Causal Inference in
Statistics and the
3-8 May, 2009 at the
Banff International Research Station
Causal inference attempts to uncover the structure of the data and eliminate all non-causative explanations for an observed association. The goal of most, if not all, statistical inference is to uncover causal relationships. However it is not in general possible to conclude causality from a standard statistical inference procedure, it is merely possible to conclude that the observed association between two variables is not due to chance. Statistical inference procedures do not provide any information about which variable causes the other, or whether the apparent relationship between the two variables is due to another, confounding variable. The explicit study of causation was first introduced into the statistical sciences in 1986 by Paul Holland. Since then, there has been an explosion of research into the area in a variety of disciplines including statistics (particularly biostatistics), computer science, and economics. Despite this, there is relatively little research into causal inference in Canada.
The purpose of this inter-disciplinary workshop is threefold: First, to review recent advances in the causal inferences in statistic; Secondly, to bring together researchers from related fields, in particular Economics and Computer Sciences, who work on causal inference methodology so that we may share approaches and knowledge; and finally, to increase the profile of causal inference amongst statisticians in Canada.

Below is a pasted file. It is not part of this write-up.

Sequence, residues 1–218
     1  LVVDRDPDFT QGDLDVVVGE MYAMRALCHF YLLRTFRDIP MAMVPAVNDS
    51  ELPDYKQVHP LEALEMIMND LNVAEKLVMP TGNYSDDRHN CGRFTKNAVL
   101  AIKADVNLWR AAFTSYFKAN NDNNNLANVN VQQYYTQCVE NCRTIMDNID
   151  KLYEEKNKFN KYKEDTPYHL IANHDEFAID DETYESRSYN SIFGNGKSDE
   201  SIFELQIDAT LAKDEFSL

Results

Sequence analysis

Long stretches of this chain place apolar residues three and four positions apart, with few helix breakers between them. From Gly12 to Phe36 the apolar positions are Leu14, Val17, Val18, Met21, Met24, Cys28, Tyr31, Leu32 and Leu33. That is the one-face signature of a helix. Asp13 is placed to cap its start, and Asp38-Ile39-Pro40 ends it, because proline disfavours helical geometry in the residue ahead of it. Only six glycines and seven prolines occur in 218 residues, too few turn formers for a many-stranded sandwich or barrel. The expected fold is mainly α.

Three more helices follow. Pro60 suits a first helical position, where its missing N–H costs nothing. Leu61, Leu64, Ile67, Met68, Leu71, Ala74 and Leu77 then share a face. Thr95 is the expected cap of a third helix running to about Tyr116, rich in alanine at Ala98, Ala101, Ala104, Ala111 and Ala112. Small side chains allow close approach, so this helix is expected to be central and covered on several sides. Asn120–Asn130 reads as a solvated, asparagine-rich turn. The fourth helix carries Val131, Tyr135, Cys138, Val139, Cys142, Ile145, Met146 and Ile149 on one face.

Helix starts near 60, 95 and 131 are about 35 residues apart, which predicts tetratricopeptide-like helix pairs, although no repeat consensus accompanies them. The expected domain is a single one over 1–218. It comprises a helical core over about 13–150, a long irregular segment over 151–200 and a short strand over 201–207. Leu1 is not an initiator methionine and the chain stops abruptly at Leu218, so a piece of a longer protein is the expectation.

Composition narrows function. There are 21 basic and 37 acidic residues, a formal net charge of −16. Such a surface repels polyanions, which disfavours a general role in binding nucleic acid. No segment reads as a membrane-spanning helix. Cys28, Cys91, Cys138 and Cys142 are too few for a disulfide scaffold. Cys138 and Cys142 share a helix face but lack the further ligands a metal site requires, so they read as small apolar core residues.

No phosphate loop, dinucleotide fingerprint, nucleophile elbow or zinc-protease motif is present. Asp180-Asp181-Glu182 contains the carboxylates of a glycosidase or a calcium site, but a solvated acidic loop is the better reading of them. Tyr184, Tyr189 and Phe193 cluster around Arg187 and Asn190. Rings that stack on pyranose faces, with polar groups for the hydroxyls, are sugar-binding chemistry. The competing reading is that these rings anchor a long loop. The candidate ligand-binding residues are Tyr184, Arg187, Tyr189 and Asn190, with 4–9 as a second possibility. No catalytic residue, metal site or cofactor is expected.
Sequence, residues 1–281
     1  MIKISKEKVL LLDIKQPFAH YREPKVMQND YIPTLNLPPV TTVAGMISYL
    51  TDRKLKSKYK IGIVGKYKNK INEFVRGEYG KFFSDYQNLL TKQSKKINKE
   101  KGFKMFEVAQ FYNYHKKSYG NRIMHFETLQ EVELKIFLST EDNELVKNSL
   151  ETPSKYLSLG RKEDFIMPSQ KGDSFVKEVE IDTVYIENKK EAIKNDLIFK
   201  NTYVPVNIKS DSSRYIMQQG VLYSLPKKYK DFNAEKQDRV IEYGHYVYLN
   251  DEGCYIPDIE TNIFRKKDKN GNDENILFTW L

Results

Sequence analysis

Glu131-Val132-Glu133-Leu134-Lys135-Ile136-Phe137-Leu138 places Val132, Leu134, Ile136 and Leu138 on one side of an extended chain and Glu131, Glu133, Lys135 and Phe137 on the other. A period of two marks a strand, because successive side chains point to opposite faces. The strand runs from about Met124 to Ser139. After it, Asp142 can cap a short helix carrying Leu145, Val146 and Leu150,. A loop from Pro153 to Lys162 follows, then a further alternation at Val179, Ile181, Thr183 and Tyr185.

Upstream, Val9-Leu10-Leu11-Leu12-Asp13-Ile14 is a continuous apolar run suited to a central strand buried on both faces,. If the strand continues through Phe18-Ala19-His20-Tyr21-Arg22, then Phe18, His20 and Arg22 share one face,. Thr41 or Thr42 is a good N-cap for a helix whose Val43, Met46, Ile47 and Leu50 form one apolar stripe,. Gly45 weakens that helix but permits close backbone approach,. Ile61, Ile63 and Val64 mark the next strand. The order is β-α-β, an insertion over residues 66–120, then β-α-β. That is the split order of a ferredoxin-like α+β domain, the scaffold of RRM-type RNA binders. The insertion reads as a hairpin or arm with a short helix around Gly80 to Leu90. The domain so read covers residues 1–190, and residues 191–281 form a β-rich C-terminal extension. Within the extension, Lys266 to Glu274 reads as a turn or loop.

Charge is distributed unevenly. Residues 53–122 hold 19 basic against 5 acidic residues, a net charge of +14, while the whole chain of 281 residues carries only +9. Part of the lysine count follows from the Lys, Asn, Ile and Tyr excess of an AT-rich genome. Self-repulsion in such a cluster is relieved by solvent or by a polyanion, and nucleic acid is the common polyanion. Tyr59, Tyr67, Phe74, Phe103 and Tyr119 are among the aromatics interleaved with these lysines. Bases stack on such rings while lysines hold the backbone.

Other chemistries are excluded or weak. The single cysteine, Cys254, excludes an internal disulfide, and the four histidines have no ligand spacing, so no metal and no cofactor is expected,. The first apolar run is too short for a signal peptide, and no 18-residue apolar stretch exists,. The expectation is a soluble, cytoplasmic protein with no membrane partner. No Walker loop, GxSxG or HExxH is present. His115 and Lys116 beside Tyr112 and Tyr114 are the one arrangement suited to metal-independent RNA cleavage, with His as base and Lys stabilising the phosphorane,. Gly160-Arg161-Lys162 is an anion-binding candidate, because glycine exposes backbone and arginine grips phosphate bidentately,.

The overall theme of the workshop is causal inference in statistics. Each of the five days of the workshop will focus on a particular sub-theme. In particular, talks and discussions will concentrate on
1. Inference and asymptotic theory
2. Balancing scores and inverse weighting: advances in biostatistics
3. Instrumental variables and structural equation models: connecting statistics and econometrics
4. Adaptive treatment regimes: connecting statistics and computer science
5. Bayesian causal inference: connecting disciplines within statistics
(Including participant list and video & audio recordings)
Schedule & Abstracts
Proceedings: Special Issue of the
International Journal of Biostatistics
Participants of BIRS programmes are housed in Corbett Hall at the Banff Centre. There is a separate bedroom for each participant; most rooms share a bathroom with one other participant. Each room has a queen size bed, dresser, desk and a computer terminal.
Participants are expected to arrive on Sunday afternoon (check-in after 4 p.m.) and to depart Friday midday (checkout at noon). Accommodation and meals are provided for participants for this period. Information about the BIRS guest policy is available here.
Alternatively, accommodation is available (at participants' expense) in the town of Banff, about a 10 minute walk from the Banff Centre.
The nearest international airport is Calgary, Alberta, Canada. There is a regular shuttle
service from the airport to the Banff Centre. Travel information can be found here.